Stay on Top of Your API Deployments: AWS API Gateway Integration
APIs are frequently developed and deployed. While the API development process is moving towards some standardization, the deployment process is vastly non-standard. In the 2021 State of the API Report, this issue was apparent. When asked how they deploy their APIs, users had varied answers—with 27% building custom solutions to do so.
With the latest Postman release, we bring API development and deployment closer together by allowing you to connect Postman with the AWS API gateway. This enables you to observe your deployment while correlating this information with the API’s schema, tests, documentation, etc. This means you now have a single platform to manage API development and deployment.
Connect your API gateway to Postman
Follow these steps to connect to your AWS API Gateway. Once connected, you can then see the details—such as the name, identifier, and the creation date of the API gateway.
Deploying your APIs on the gateway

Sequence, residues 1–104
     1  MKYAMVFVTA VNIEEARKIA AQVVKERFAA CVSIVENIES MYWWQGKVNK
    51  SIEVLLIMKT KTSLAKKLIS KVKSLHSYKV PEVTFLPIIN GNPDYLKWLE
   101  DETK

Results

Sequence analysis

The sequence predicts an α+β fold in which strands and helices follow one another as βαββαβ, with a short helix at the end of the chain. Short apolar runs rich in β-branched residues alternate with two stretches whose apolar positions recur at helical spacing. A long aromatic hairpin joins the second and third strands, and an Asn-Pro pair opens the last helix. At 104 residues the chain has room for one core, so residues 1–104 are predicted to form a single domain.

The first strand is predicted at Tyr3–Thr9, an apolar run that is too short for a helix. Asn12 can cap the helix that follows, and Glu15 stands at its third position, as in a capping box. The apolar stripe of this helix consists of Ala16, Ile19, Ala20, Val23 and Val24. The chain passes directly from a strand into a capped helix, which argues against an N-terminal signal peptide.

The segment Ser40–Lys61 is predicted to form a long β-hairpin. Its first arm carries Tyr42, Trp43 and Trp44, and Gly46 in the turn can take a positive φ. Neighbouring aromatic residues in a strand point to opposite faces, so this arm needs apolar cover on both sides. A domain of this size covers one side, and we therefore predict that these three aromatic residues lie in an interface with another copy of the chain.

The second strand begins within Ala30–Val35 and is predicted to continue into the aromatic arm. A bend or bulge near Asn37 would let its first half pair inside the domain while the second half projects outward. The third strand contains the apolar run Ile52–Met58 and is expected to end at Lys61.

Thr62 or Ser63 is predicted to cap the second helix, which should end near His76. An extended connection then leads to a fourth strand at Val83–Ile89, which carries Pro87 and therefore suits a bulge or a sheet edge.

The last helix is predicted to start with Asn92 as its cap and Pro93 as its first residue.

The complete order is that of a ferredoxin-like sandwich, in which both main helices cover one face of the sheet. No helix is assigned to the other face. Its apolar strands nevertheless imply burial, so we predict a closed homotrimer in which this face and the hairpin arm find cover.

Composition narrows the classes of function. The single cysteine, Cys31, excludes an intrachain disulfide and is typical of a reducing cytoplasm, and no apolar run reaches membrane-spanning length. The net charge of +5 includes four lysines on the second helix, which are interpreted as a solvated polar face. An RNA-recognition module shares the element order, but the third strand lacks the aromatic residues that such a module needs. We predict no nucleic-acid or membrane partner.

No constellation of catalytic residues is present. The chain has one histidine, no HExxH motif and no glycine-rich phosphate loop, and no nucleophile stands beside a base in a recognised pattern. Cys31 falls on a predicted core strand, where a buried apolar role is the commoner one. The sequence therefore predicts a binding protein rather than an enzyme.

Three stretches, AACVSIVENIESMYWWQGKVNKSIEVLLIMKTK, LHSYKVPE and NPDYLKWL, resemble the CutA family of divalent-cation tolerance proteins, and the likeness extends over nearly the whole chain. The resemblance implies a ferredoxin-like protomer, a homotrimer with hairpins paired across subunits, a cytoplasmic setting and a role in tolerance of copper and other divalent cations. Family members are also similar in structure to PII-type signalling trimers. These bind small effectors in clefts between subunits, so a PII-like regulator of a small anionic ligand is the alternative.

A version defines a major variant of an API and its associated elements, such as documentation, tests, mock servers, and monitors. A release is a periodic incremental change to a version of an API. You regularly create a release to put out changes that have been made to the API.
After the API version release, you can now deploy the released schema to the AWS API Gateway stage from Postman. If you want to test out an API version in development, you can push the changes that are not yet released as well. Also, you may choose to only export the API schema to the gateway because there may be critical steps to perform on the gateway before deployment, in which case the schema would not be pushed to any stage.
A typical API development and deployment workflow will look as follows:
Observe APIs on deployment environments
The APIs are deployed on different environments regularly. The changes progress through your beta, stage, and production environments. The integration gives you an insight into various AWS API Gateway stages over which the APIs are deployed. Within Postman you can now see information such as name, creation timestamp, last update timestamp, invoke URL, along with the information of the active deployment on that stage.
Postman also helps you correlate the deployment data to the other API information such as schema, tests, documentation, and more, simply by linking the deployments/exports actions to the release: